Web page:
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Jackson County School District improvements could raise taxes through proposed bond

Updated: Feb. 2, 2021 at 7:39 PM CST
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VANCLEAVE, Miss. (WLOX) - Students in the Jackson County School District could soon be seeing some upgrades across the district if a proposed bond is approved by the community.

The potential improvements could cost $50 million to $60 million and would upgrade facilities, from classrooms and athletics to fine arts, at schools throughout the entire Jackson County School District.

To pay for the upgrades, the district is hoping to use a bond, which means an increase in taxes.

Jami Gerrigan is the mother of four children who attend school in the Jackson County School District. Gerrigan is not in favor of increased taxes but feels schools such as Vancleave Upper Elementary need to be upgraded.

“Nobody likes their taxes to be raised, I don’t, but I’ve been in the schools. I’ve been in the buildings. I went to school there. They’re kind of old,” Gerrigan said. “The Upper actually needs some updates. There’s a couple of buildings that have been there since my parents went to school up there, and they’re just really outdated and really needs improving for the kids.”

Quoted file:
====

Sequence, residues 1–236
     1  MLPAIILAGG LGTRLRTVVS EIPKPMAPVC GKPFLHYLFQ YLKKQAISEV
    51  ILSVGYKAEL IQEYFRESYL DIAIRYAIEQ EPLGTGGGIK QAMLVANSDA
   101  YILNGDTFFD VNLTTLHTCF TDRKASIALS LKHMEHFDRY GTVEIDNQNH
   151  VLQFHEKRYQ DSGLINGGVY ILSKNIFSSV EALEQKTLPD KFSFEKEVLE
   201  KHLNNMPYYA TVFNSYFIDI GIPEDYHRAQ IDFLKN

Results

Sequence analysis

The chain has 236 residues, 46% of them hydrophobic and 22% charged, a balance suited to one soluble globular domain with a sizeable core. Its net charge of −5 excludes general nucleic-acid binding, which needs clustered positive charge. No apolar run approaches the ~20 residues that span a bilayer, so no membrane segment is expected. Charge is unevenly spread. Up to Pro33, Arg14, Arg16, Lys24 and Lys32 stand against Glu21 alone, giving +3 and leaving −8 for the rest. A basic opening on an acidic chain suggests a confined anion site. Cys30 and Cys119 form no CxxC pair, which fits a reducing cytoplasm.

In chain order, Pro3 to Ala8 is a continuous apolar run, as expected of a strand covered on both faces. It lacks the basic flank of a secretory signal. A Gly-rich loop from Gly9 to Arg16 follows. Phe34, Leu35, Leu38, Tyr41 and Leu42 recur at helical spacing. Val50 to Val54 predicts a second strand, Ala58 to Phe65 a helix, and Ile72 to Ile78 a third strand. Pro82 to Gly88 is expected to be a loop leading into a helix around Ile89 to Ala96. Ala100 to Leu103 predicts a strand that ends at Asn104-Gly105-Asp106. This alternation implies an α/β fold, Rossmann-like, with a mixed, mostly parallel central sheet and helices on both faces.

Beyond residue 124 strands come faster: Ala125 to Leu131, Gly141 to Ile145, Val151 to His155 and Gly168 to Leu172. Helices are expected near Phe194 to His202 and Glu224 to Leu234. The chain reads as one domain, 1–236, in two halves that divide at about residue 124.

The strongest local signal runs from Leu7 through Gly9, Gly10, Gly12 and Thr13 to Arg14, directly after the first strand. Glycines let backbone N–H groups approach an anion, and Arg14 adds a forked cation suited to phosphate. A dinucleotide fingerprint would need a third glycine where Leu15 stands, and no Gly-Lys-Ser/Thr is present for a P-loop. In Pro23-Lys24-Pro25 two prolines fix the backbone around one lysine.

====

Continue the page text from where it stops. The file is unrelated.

If the proposed bond is approved, property taxes could increase between $6 and $8 per every $1,000, meaning if you own a home with a tax assessed (10%) value of $150,000, you could see an increase in your annual property taxes between $90 and $120, according to Jackson County School District Superintendent, Dr. John Strycker.

Jackson County School District Bond Proposal
Jackson County School District Bond Proposal(Jackson County School District)

“I’d rather have too much information than not enough because we need to be very conscientious of the tax dollars,” Stryker said. “We’re talking about people spending additional tax money. We need to make sure we do a good job and really do our homework.”

It’s homework that the school district continues to focus on by conducting a community survey of nearly 3,600 people. 52% of those surveyed said school facilities are not adequate. Stryker believes it is important to continuously hear from community members, teachers, and students who will be impacted by the potential project.

“The community can rest assured that we will be very transparent and we will make sure they understand how that impacts them and what projects will be done,” Stryker said. “We will be very transparent and very clear about that.”

The Jackson County School District plans to propose the multi-million dollar facility bond to the Board of Education by the end of February. If approved the public will then vote on the bond in May.

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